Explainer: What provisional ballots mean for the NC governor's race

Explainer: What provisional ballots mean for the NC governor's race

RALEIGH, N.C. — The results so far in the North Carolina governor’s race have left voters with more questions than answers.

Gov. Pat McCrory took the stage late Tuesday night and told supporters that they won’t know until at least Nov. 18 who won the race. But later in the night, attorney general Roy Cooper went on stage and declared victory in the race.

Content Continues Below

McCrory said the race could come down to provisional ballots.

Provisional votes are not included in election night totals. Those ballots are cast by voters who didn’t have registrations on file, didn’t report that they had moved, tried to vote in the wrong precinct or voted during extended hours.

The Mecklenburg County Board of Elections told Channel 9 that they have just under 3,700 provisional ballots. They will research next week and hold a recount on Nov. 18. They will also count about 2,000 absentee ballots on Nov. 15.

The North Carolina Board of Elections gave Channel 9 a breakdown of how the provisional ballots are counted:

  1. Almost immediately, each county Board of Elections must check all provisional ballots.
  2. The ballots that officials deem eligible will then be added to the final election results. Officials said by the time they sort through the ballots, only about 50 to 60 percent may get counted.
  3. Ten days after the election, which is Nov. 18, each county has to "canvass" or certify its total election results.
  4. Once each county certifies its results, they are sent to the North Carolina Board of Elections.
  5. Final election results will be available after that.

If the final vote tally shows fewer than 10,000 votes separating the two candidates, the runner-up can demand a recount.

The request must be done the following week, which would be the week of Nov. 21.

State Board of Elections released the following post-election process:

  1. Absentee ballots: Mail-in absentee ballots postmarked on or before Election Day will be accepted until 5 p.m. on Nov. 14.  Overseas and military absentee ballots are accepted through Nov. 17.
  2. Sample Audit: Every county conducts a sample hand-to-eye count of ballots in randomly selected precincts and one-stop locations to confirm results tabulated by machine. Counties must conduct their hand-to-eye counts in public.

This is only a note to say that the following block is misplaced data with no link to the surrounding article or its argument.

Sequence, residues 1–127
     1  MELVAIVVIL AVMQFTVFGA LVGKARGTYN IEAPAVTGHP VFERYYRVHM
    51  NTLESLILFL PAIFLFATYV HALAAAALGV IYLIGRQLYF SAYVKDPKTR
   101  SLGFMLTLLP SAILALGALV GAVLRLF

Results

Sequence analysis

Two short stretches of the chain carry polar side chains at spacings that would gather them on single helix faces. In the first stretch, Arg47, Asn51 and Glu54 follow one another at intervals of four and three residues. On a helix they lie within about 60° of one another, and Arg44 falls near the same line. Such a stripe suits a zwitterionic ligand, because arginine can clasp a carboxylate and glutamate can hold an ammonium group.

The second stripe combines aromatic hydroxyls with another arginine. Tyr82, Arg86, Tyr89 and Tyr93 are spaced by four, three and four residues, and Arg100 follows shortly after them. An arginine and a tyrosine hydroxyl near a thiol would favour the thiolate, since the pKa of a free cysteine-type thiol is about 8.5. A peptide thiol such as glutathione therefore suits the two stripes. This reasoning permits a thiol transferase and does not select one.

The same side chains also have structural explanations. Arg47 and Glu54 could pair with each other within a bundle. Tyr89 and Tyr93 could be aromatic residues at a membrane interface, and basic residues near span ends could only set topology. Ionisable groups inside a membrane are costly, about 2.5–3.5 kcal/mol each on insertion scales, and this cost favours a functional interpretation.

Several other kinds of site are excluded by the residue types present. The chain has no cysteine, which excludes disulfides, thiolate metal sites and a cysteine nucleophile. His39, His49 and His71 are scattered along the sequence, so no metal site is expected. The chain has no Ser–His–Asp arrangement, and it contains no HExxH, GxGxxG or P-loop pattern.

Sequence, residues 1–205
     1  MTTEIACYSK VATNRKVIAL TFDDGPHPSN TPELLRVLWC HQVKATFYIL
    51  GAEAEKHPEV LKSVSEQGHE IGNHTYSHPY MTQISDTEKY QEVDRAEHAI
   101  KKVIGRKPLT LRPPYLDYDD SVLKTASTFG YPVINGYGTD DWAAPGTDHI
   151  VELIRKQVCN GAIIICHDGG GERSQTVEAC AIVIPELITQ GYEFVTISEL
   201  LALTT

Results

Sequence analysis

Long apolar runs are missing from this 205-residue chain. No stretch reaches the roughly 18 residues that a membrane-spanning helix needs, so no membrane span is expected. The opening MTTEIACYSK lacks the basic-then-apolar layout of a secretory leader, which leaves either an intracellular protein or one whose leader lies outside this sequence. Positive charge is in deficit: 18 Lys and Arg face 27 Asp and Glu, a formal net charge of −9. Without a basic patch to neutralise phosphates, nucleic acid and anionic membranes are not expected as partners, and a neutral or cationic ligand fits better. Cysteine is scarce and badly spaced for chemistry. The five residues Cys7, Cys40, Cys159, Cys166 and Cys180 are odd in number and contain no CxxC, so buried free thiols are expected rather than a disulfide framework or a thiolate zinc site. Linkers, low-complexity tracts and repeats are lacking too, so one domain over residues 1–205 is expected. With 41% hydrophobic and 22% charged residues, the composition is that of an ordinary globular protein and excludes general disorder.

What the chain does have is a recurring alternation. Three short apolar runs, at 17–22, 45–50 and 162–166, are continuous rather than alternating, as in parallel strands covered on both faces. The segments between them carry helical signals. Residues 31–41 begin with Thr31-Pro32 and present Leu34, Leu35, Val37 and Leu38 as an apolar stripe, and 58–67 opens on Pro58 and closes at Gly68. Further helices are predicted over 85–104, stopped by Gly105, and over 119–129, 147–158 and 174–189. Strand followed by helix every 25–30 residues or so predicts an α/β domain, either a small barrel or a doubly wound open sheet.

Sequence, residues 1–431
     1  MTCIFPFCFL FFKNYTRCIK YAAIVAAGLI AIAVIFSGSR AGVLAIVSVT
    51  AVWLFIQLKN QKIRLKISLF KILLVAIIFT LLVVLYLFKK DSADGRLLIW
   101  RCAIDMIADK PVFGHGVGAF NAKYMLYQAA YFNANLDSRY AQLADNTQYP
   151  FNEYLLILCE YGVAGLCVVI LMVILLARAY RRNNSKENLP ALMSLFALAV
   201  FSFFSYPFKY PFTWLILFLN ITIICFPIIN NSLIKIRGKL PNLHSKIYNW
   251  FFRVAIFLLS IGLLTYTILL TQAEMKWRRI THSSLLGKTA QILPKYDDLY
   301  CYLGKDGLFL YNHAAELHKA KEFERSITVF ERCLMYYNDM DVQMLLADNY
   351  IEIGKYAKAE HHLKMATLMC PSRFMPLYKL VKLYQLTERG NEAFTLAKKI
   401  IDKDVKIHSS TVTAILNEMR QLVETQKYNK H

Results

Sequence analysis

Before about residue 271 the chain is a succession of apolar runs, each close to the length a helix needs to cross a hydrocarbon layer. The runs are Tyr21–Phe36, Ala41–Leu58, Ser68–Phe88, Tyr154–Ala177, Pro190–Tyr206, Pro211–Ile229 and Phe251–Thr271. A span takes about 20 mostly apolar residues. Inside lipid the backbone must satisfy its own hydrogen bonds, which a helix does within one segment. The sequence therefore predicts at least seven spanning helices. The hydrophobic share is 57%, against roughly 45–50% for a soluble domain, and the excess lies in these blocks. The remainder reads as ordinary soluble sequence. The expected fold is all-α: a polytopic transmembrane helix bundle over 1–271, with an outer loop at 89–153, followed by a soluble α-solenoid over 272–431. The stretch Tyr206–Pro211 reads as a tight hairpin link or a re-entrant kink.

3. Provisional ballot meetings: Each county board of elections will meet before certifying the election to make decisions on provisional applications submitted by voters during early voting and on Election Day.  If the board determines that the voter is eligible, the provisional ballot is counted. Provisional ballots are cast when an individual's registration information does not appear in the poll books or there are other questions about that person's eligibility to vote.
  4. County canvass: County boards of elections will certify results at public meetings held at 11 a.m. Friday, Nov. 18.
  5. Recounts: For statewide contests this year, the vote difference must be 10,000 votes or less for a candidate to demand a recount after the county canvass. The demand for a recount must be in writing and received by the State Board of Elections no later than noon Tuesday, Nov. 22. If a recount is demanded, the State Board of Elections Office would issue a schedule, and the counties would conduct recounts individually during open meetings. For non-statewide contests, the difference between the candidates must be within 1 percent of the total votes cast in the ballot item.
  6. State canvass: The State Board of Elections will certify statewide results for all federal, statewide, multi-district and judicial contests at a public meeting held at 11 a.m. Tuesday, Nov. 29.  Results in each contest are not considered official until that date.

Read more top trending stories on wsoctv.com: